Photography Mystery: US Seizes 2,200 Pieces Of Artwork From Owner Philip Rivkin
NEWARK, N.J. -- The massive trove of artwork arrived in New Jersey last year from Texas on an 18-wheeler – its contents a mystery.
After five days of inventory, the haul proved to be significant: more than 1,100 pieces of art, mostly works by some of the nation's most influential photographers, including Alfred Stieglitz and Edward Weston.
The valuable shipment was moved again to New York, but instead of being carefully exhibited in a home in Spain as planned, it ended up in the hands of federal authorities. By the end of an investigation, authorities had seized more than 2,200 works of art appraised at nearly $16 million.
On Friday, the U.S. Attorney's Office in Newark announced a Feb. 22 court filing that alleges the artwork was purchased with money collected in a scheme that sold fake credits for renewable energy. The complaint seeks to force the owner to forfeit the works.
Authorities said they were seized from a warehouse in New York in July weeks after being moved from Newark and readied for shipment to Spain via Amsterdam. The works include numerous prints by Stieglitz, including one of his famous artist wife, Georgia O'Keefe, that sold for $675,000. An Edward Steichen print titled "Greta Garbo for Vanity Fair Hollywood" was purchased for $75,000.
Authorities allege the artworks' owner, Philip Rivkin, used money fraudulently funneled through his Houston-based company, Green Diesel, to buy the art. Rivkin has not been formally charged with a crime.
Kyle Sampson, a lawyer for Rivkin, said Friday he was aware the forfeiture action was filed.
"We have not received formal notice of the forfeiture action, but I am aware that a complaint has been filed," he told The Associated Press. "We've been working for some time with the EPA in an effort to resolve their concerns and any other outstanding issues there may be."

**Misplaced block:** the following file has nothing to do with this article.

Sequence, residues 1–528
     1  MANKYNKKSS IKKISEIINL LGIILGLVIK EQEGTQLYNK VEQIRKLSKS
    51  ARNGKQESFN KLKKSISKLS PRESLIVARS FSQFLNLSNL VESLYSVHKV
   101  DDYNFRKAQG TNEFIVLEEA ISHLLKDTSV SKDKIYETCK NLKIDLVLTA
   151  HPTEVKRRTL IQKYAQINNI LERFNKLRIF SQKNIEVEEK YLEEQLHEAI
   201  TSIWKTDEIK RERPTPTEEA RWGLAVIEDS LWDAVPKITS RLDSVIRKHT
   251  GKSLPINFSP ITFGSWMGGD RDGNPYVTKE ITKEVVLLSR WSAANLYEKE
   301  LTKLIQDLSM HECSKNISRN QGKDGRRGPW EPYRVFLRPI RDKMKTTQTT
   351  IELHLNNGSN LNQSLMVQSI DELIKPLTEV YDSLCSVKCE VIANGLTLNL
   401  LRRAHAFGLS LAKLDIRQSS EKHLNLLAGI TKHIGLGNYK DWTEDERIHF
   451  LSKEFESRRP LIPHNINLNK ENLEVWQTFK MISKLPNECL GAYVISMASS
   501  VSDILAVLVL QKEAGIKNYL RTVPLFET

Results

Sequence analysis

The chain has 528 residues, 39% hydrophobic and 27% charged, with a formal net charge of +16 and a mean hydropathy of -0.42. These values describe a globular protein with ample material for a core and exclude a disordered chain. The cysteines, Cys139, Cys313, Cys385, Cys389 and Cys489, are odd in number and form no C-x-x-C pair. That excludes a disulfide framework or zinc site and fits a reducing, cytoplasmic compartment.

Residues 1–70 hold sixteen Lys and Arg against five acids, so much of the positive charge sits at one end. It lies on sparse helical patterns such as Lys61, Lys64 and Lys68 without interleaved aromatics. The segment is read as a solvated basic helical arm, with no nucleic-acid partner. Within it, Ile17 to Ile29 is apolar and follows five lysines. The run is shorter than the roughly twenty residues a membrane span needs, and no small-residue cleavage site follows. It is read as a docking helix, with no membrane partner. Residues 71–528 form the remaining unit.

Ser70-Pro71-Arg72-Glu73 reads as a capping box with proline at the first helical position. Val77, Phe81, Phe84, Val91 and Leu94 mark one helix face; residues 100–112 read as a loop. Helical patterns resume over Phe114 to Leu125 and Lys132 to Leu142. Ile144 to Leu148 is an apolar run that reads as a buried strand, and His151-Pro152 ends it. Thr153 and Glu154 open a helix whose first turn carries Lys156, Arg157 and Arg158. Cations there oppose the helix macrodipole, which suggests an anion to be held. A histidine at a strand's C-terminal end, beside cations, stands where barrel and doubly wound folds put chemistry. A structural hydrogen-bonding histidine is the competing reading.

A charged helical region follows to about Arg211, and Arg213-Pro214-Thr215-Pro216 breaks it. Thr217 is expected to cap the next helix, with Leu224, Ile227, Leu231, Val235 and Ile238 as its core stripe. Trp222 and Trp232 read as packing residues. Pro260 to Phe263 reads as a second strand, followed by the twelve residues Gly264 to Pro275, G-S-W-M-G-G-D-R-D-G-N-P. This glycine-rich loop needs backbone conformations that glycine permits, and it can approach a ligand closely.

A lawyer for Green Diesel declined comment in an email message.
Rivkin was owner and CEO of Green Diesel and a company called Fuel Streamers. Authorities allege in the complaint that Rivkin and others claimed the companies produced, purchased and imported renewable fuel. But authorities say the fuel did not exist.
By federal standards, the national stock of gasoline and diesel must contain a certain percentage of renewable fuel. Authorities allege oil companies, including Shell and Exxon, have reported a total of $78 million in losses from buying fake renewables from Green Diesel.
According to the complaint, an unnamed assistant for Rivkin told authorities that Rivkin controlled all financial accounts. "Money would come in and he (Rivkin) would move it out," the assistant told authorities.
Authorities allege Rivkin used Green Diesel's bank account and other accounts to buy at least $18 million in artwork. Rivkin tended to buy his photographs in groups, making it difficult to trace individual purchases, but authorities said they have matched 1,590 pieces of art to one credit card and four bank accounts.
In April 2012, the federal Environmental Protection Agency issued a notice of violation to Green Diesel, alleging it improperly generated credits that track and boost renewable fuel production. Authorities claim Rivkin arranged to have the art shipped out the year before, after learning of the investigation.
An EPA spokesman did not return a call for comment.
According to the complaint, Rivkin's assistant said Rivkin started purchasing vintage photographs after receiving the "EPA money." Much of the artwork was shipped from Houston to Newark and eventually bound for Spain, authorities said.
The assistant traveled to Geneva and Barcelona with Rivkin, the assistant told authorities. Rivkin stayed in Spain and when the assistant returned to the U.S. noticed that Rivkin's office was cleaned out and numerous documents were shredded, authorities said.
Associated Press writer Geoff Mulvihill in Trenton contributed to this story.
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